Hello mothmorriane, welcome to AC!

Any betta that you buy from a retailer should be too large for your African dwarf frogs (ADF) to eat. An African clawed frog (ACF) is another matter, however, as the can reach 5" in length. As long as the betta is too big to fit in the ADF's mouth you should be okay. To give you a reference, let's just say at least 1/2". ACFs are predators and will try to eat anything that can fit in their mouths. BTW, baby guppies are less than a 1/4" long and elongated. Just about anything will eat a baby guppy.

You already know you need a larger tank. I would do so as soon as reasonably possible. ADFs do well in groups so something large enough to fit several frogs into would be good.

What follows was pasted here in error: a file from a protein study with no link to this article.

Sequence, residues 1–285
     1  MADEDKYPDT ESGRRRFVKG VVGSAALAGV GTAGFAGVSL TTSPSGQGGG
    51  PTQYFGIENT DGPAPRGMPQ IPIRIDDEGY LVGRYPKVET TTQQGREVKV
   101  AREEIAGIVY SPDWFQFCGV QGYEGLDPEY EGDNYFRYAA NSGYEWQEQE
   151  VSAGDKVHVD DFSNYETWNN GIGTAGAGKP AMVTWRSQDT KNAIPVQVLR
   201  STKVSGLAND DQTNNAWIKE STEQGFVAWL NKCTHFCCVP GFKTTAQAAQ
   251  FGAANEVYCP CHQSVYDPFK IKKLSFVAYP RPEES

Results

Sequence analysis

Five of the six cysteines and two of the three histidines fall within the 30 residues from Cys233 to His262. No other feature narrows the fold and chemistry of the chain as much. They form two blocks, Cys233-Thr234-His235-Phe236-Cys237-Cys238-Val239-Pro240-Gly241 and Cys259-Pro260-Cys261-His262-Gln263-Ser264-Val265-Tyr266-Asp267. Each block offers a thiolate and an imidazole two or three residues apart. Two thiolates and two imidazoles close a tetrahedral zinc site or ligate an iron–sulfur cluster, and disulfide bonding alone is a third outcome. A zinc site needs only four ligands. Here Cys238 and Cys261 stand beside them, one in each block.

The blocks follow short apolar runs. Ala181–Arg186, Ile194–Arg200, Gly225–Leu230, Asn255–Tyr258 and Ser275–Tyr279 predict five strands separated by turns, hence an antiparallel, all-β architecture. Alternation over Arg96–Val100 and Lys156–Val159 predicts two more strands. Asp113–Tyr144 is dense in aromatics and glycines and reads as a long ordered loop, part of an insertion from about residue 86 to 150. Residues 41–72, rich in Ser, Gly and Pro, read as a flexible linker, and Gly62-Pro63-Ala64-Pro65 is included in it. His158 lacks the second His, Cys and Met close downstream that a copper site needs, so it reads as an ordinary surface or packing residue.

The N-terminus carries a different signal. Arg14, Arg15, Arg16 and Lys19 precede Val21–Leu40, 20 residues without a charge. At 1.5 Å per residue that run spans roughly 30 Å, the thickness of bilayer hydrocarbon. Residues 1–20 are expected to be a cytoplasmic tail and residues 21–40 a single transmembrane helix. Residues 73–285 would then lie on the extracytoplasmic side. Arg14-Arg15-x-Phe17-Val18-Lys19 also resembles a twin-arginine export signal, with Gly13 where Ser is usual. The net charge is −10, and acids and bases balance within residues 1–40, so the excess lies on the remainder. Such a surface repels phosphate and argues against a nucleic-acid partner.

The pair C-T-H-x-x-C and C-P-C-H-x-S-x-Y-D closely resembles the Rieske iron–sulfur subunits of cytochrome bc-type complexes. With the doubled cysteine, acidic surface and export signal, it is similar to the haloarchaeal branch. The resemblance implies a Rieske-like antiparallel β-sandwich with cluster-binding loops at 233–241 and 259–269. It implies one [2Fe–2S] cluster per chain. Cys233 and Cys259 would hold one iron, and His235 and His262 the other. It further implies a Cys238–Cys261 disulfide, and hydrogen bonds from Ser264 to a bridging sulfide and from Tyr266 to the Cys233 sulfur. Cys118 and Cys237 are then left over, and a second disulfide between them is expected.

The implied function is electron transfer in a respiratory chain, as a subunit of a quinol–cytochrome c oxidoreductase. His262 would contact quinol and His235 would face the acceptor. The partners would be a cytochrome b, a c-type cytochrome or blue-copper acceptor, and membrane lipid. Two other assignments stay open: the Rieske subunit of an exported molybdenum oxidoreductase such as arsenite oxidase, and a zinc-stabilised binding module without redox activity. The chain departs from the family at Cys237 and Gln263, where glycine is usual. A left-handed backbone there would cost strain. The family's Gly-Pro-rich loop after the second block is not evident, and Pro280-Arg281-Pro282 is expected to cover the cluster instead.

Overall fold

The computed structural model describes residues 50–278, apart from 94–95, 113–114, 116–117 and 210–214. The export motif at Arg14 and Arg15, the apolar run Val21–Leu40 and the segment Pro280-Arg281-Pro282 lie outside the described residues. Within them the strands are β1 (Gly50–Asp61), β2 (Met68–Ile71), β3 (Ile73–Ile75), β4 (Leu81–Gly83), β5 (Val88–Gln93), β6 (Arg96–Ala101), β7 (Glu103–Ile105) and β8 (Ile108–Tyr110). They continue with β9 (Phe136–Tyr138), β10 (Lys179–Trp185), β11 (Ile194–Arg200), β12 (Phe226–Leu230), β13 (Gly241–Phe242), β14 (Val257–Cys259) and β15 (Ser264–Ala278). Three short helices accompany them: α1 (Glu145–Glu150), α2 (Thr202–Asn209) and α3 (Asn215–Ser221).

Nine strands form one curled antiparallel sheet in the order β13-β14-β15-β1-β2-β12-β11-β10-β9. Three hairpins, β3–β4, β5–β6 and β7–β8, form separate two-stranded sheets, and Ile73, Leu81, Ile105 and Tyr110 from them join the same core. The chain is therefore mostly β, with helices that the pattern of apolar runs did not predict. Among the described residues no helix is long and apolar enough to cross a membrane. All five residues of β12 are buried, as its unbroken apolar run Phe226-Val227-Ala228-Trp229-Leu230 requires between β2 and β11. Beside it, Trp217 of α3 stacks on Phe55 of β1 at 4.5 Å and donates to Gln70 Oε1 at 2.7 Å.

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Registered Member
Apr 17, 2021
I'm still really embarrassed but can you educate me about all that other water quality stuff and cycles or whatever? I really am in over my head but I'm trying to figure out what I'm doing for the sake of the animals. And I also wanted to ask if maybe the frog(s)/betta might be okay in a 20 gallon tank? I found one I could afford but should I still keep them separated?


AC Members
Dec 1, 2020
Real Name
If I were you I would just take a step back and return them. Make a proper plan of what to do then slowly start to make an aquarium while doing lots of research


AC Members
Mar 21, 2020